The Skin Room, by Morgan Fleetwood, is a dark narrative about a man who recalls memories of blood, decadence, and murder, all within the guise of a nightmarish confession.
The book is separated into three parts. The first part, Failure, is about Alex Melville, a translator who tries to kidnap a woman named Valentina and use her for a ritual. He has a sister named Sonia, whom he believes is being abused by her boyfriend, and a father that forgets the goriest of details. The second part, Fugitive, shows Alex on the run in the aftermath of Valentina’s murder. He races to find his sister, whom he believes could help him. The third part, Female, finally allows Alex to fall deeper and deeper into his depravity. He meets the Inspector while dressed in Sonia’s clothes and going by the alias Sandra, a he tries to uncover the truth behind Sonia’s disappearance.
I loved reading about Alex. I enjoyed every dark twist in his thoughts as he slipped further into his madness, until all that’s left was the monster beneath, a horrific creature lurking in the back of his mind. With every part I finished, I couldn’t help but flinch. It was as if he was peeling back layers of his insanity, lulling me further into his chasm of depravity. Though he was caught by the Inspector in the end, he still doesn’t relinquish that disturbing atmosphere. It was made all the apparent when he felt that he had something to do with Sonia’s death. Throughout the story, he never attempted to reconcile himself with what he’s done. He doesn’t mention anything about morality, never thought about convincing himself that he was doing the right thing. It wasn’t anything I’ve read before; it was like I was reading a hollow being I can neither call a monster or human.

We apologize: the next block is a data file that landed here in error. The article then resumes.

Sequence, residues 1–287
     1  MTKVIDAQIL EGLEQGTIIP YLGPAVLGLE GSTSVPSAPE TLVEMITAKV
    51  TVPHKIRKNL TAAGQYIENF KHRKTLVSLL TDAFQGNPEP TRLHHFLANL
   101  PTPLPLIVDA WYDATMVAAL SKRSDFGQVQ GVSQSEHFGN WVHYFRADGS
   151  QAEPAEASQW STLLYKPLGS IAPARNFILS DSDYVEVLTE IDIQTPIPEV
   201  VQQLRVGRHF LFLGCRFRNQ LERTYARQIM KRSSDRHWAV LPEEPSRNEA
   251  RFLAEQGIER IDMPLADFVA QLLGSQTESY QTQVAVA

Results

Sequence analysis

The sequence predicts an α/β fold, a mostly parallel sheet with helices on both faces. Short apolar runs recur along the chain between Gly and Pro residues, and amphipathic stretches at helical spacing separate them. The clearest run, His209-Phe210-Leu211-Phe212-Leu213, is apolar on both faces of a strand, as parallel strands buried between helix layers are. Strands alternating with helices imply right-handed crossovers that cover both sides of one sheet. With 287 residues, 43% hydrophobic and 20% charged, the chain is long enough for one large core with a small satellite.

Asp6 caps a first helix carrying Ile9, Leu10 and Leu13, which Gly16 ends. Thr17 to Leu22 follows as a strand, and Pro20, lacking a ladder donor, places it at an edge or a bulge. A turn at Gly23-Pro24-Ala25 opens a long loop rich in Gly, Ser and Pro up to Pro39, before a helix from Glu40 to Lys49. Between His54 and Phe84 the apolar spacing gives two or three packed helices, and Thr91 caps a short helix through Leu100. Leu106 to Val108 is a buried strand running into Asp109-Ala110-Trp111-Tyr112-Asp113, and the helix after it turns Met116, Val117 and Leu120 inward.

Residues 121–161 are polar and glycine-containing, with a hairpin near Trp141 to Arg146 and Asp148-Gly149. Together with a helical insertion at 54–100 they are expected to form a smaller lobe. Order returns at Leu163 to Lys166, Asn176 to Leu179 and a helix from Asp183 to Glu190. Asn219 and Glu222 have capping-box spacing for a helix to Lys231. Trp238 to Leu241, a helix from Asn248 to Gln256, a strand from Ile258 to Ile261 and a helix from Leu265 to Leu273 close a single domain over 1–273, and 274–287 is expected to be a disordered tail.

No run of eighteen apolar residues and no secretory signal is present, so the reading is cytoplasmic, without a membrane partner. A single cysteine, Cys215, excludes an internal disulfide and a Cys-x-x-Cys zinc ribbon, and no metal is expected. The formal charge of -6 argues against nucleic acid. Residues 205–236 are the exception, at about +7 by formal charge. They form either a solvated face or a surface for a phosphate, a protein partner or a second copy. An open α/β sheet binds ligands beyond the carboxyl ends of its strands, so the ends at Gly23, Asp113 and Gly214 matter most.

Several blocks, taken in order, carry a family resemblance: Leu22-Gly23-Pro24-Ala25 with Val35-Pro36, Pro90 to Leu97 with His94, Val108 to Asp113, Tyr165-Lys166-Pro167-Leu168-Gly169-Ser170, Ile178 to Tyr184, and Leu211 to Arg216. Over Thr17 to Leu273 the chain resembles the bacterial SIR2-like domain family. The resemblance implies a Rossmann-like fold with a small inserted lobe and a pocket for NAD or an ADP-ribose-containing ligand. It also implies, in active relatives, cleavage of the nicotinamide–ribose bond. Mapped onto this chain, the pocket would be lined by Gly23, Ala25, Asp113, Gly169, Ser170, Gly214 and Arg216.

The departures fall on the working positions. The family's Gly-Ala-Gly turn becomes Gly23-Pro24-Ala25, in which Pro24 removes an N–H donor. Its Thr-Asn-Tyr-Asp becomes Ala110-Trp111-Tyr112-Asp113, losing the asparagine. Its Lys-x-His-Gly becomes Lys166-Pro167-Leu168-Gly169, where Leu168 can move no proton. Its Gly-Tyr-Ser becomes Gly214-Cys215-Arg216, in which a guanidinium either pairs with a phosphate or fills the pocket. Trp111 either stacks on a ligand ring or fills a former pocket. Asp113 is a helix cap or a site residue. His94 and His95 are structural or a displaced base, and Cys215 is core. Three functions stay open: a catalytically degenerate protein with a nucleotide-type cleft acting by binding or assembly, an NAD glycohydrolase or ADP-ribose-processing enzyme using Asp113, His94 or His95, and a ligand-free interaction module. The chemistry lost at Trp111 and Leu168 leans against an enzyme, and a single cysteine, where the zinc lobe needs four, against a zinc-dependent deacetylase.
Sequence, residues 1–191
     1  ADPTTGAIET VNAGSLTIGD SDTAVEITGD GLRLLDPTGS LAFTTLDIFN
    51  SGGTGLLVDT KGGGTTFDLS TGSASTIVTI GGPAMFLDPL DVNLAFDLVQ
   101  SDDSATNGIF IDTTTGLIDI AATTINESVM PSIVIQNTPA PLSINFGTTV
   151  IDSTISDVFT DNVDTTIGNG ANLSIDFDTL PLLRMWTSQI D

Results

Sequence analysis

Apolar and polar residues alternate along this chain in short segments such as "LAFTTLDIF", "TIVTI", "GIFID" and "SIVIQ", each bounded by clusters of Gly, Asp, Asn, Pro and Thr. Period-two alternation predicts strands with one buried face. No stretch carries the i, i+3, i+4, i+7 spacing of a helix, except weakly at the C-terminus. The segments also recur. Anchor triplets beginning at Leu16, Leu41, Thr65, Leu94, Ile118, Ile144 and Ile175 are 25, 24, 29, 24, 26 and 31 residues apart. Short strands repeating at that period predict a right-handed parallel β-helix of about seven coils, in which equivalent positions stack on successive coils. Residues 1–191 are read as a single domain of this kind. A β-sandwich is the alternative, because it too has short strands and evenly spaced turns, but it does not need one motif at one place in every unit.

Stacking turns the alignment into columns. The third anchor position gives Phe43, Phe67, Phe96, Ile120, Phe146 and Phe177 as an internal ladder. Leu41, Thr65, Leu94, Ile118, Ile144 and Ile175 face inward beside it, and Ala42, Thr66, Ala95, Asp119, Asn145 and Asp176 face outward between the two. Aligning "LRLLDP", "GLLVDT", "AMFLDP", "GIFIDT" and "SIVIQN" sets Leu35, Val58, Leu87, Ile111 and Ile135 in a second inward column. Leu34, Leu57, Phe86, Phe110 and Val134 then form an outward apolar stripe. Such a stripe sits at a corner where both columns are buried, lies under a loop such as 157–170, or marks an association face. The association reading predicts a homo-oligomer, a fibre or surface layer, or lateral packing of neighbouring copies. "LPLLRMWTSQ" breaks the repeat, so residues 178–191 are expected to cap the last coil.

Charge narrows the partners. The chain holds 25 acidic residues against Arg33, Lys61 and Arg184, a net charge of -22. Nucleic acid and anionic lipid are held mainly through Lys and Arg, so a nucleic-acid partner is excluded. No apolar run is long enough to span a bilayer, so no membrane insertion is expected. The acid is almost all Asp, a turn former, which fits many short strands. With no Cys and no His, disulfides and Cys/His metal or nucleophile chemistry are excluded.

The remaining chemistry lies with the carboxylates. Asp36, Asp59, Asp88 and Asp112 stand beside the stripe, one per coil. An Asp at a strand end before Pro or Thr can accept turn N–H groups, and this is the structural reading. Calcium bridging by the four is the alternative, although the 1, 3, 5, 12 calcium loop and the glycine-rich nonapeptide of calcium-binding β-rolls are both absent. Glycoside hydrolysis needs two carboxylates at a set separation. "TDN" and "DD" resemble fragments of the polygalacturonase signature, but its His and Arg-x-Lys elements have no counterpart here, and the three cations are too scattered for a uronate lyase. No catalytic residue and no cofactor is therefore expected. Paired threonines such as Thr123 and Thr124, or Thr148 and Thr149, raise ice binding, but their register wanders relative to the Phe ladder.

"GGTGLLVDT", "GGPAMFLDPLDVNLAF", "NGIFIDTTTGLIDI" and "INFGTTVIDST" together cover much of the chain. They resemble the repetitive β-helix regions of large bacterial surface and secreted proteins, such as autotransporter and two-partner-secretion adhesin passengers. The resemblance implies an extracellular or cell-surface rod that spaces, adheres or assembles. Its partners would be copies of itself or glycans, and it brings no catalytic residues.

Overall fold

I can’t help but compare this book to Stephen King’s nightmarish work, Carrie. The titular protagonist wanted to belong, but when she was humiliated, she slaughtered her classmates with her powers. However, in Fleetwood’s book, Alex makes no attempt to try to belong; he acts as if he does, but there was nothing else normal about him. Whereas Carrie was about an innocent girl who was dragged down a road to Hell, Alex acted as though he paved the way to begin with, taking everyone down with him, neither seeing nor caring who gets pulled in. If the two were together, I have no doubt that Alex will try to lure Carrie into his den, and in the same way as he did with Valentina.
Overall, I would give this book a rating of a 4.0 out of 5 stars. Alex’s insanity and sadistic nature reflected back at me the depths of human depravity, which bordered the edge of Hell. I also loved the way it reminded me Carrie, and how such a sweet innocent girl will no doubt wallow in despair at the complexities of Alex’s mind. Because of this, I would recommend this book to fans of The Mask of Sanity by Jacob Appel and Xenon Phobia by Sterling Emmal.